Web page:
It worked. At its peak, The Avenue was home to more than 300 businesses at a given time, two-thirds of which were Jewish-owned. The Avenue wasn’t just the center of the retail economy, it was a regional hub of Jewish cultural life — especially on Sundays.
“This is when the Jewish merchants from the surrounding towns flooded Fifth Avenue,” said Lidji. “A business could cover its entire weekly expense on a Sunday.”
According to Lowenstein, regional merchants not only bought from their stores, they stocked up on kosher food and housewares, and lunched on corned beef sandwiches at the local delis.
“It was a happening,” said Lowenstein. “Parking was terrible, but there was an enormous camaraderie. All the Jews who had moved to small towns really had a sense of belonging that they didn’t have in the towns they lived in.”
Of course, you could get more than just dry goods and food on The Avenue, so long as you knew where to look.
In 1933, the Criterion reported that “Numerous businessmen, particularly those working in the uptown Fifth Avenue district, make it a point to stop daily at Al Rice’s for lunch and an hour or two of recreation, or in the evening, for dinner and several games of billiards or other amusement.”
“It had a long counter with booths on one side, and the last booth was the numbers operation,” Lowenstein said. “On the weekends, they opened up the upstairs, which encompassed the whole storeroom, and it was like a small Las Vegas with blackjack and craps tables. It was not a speakeasy. It was open to anyone who wanted to come.”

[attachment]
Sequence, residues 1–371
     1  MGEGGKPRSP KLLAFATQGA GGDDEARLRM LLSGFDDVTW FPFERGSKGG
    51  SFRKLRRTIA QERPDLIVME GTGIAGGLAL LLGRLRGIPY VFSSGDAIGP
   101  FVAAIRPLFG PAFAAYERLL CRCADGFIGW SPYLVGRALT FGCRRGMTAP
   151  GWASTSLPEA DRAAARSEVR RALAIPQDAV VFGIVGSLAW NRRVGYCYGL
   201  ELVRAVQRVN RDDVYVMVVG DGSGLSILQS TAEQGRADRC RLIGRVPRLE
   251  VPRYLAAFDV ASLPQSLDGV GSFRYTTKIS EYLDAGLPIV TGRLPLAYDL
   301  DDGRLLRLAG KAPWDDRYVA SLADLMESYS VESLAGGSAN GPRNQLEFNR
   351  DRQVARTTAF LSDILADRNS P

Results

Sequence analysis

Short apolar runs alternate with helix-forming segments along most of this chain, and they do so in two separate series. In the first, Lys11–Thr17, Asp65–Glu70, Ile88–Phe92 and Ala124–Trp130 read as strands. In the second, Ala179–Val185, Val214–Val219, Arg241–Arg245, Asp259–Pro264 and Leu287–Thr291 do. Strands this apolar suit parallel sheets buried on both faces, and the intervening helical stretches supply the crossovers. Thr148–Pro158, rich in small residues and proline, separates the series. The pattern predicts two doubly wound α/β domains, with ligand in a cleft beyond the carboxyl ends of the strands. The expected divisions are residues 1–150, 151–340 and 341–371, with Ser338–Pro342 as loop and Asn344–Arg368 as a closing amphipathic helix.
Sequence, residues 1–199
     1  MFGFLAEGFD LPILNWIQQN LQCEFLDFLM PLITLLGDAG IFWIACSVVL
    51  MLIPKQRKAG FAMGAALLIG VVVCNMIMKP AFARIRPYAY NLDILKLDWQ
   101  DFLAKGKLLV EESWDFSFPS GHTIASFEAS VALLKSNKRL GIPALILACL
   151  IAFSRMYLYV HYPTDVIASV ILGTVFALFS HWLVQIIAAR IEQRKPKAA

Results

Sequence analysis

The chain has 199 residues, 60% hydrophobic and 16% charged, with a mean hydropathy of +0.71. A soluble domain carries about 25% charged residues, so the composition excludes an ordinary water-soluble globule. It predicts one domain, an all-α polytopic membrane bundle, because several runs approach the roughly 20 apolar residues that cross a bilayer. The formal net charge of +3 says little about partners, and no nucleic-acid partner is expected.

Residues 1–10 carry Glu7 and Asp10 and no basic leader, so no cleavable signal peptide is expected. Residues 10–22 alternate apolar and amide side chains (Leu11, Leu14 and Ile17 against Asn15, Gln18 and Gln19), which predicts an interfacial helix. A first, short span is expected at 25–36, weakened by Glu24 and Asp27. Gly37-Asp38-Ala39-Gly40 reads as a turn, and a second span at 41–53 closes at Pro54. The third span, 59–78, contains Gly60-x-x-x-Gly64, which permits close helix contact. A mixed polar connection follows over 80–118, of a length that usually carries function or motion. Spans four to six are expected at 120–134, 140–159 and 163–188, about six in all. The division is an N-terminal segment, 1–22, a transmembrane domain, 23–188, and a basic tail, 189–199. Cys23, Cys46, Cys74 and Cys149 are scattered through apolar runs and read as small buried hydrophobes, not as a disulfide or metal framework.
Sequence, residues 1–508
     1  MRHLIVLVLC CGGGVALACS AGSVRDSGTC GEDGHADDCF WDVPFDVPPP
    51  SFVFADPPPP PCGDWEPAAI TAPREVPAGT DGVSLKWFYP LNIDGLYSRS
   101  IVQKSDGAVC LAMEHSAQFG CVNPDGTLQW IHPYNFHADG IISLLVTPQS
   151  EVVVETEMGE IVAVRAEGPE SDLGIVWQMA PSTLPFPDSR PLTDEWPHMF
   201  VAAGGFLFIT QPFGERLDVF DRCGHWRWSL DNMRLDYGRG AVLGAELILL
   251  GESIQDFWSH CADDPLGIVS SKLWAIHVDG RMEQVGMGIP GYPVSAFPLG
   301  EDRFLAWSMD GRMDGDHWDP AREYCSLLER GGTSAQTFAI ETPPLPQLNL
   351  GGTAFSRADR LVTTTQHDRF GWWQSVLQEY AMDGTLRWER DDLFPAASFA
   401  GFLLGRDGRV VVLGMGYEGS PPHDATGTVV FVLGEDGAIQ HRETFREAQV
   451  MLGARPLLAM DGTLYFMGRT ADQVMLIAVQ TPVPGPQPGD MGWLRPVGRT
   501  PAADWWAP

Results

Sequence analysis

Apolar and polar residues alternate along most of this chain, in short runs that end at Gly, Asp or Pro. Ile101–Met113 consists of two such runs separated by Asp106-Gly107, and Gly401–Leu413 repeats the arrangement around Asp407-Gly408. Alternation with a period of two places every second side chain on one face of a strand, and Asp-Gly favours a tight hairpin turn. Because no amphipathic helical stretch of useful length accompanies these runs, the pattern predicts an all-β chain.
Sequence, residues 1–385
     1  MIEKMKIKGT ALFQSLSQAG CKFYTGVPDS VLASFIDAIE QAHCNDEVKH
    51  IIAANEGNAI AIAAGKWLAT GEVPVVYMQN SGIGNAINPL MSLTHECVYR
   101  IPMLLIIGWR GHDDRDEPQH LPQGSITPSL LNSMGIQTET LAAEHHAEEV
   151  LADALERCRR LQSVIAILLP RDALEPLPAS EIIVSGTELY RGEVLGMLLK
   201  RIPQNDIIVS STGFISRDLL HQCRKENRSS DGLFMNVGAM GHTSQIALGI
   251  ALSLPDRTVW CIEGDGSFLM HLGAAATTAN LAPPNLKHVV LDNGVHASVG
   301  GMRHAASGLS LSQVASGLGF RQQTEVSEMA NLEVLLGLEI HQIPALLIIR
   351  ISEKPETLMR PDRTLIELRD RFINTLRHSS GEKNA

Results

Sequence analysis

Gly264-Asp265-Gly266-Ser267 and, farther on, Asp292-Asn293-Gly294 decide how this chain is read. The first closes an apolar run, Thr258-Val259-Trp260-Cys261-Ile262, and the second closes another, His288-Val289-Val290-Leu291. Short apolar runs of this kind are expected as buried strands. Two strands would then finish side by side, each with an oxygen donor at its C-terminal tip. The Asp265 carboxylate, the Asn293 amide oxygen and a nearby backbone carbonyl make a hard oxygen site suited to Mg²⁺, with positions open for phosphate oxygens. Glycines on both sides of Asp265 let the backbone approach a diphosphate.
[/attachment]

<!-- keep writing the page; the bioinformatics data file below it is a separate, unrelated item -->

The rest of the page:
The tavern, which was crowded every weekend and included Mayor David L. Lawrence among its regular clientele, was a cash-only operation that never wanted anyone to leave unhappy.
“They didn’t want anybody to go out totally broke,” she said. “If someone lost it all, they’d give them back their money. That’s the kind of operation it was.”
That generous sentiment was pervasive amongst merchants on The Avenue. The prices customers paid for goods were often determined by their relationships with the wholesalers and nobody wanted to lose even their most slow-paying customers. It was typical of wholesalers to charge very low or even zero interest to customers who were slow or struggled to pay their bills.
“My father was asked to be a pallbearer once at one of his customer’s funerals,” Lowenstein said, “and he said, ‘Well, certainly. I mean, I’ve carried him all his life.’ ”
As times changed, so did The Avenue. In the late 1950s, the Urban Redevelopment Authority bought and demolished a three-block chunk of the district’s south end to build Chatham Center. The nature of retail changed, too. As the small industrial towns around Pittsburgh saw much of their industry die off, the retail merchants who bought on the Avenue found themselves serving smaller populations. The emergence of big-box stores such as Kmart and Sears only hastened the death of the wholesale industry.
“Between 1953 and 1960, the commercial population of the Fifth Avenue Wholesale District dropped nearly in half, from 280 to 152. It was the smallest population of businesses on the Avenue since 1895.” The last bastion of the Avenue, Lidji added, was Specialty Clothing, which Larry Rubin bought in 1973 and ran until it was demolished in 2008 to make room for Consol Energy Center.
Lidji emphasized that the event was just the first step in what he and Lowenstein hope becomes an ongoing process, and that he and Lowenstein are particularly interested in researching how the relationships between the businesses of The Avenue and the stores they supplied compare to Jewish mercantile districts in other cities, such as Cincinnati.
“We’re really interested in hearing from other people who want to talk about it,” he said.
(Matthew Wein can be reached at email@example.com.)